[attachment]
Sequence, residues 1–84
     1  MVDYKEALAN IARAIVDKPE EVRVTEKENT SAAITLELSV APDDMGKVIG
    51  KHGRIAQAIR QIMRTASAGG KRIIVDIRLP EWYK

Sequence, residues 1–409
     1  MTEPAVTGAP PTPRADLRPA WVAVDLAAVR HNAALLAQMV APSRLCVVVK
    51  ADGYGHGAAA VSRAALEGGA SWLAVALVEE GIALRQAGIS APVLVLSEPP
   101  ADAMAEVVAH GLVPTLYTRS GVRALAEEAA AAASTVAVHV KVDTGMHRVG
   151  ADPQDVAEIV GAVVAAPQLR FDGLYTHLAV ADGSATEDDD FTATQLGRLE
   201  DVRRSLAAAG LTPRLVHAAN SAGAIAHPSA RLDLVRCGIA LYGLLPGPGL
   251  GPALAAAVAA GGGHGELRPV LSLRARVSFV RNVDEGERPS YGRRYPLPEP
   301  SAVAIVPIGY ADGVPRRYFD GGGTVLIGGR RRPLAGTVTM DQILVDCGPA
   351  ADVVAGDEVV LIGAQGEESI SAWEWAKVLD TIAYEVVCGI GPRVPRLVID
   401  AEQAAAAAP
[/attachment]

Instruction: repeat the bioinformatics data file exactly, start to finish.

Sequence, residues 1–84
     1  MVDYKEALAN IARAIVDKPE EVRVTEKENT SAAITLELSV APDDMGKVIG
    51  KHGRIAQAIR QIMRTASAGG KRIIVDIRLP EWYK

Sequence, residues 1–409
     1  MTEPAVTGAP PTPRADLRPA WVAVDLAAVR HNAALLAQMV APSRLCVVVK
    51  ADGYGHGAAA VSRAALEGGA SWLAVALVEE GIALRQAGIS APVLVLSEPP
   101  ADAMAEVVAH GLVPTLYTRS GVRALAEEAA AAASTVAVHV KVDTGMHRVG
   151  ADPQDVAEIV GAVVAAPQLR FDGLYTHLAV ADGSATEDDD FTATQLGRLE
   201  DVRRSLAAAG LTPRLVHAAN SAGAIAHPSA RLDLVRCGIA LYGLLPGPGL
   251  GPALAAAVAA GGGHGELRPV LSLRARVSFV RNVDEGERPS YGRRYPLPEP
   301  SAVAIVPIGY ADGVPRRYFD GGGTVLIGGR RRPLAGTVTM DQILVDCGPA
   351  ADVVAGDEVV LIGAQGEESI SAWEWAKVLD TIAYEVVCGI GPRVPRLVID
   401  AEQAAAAAP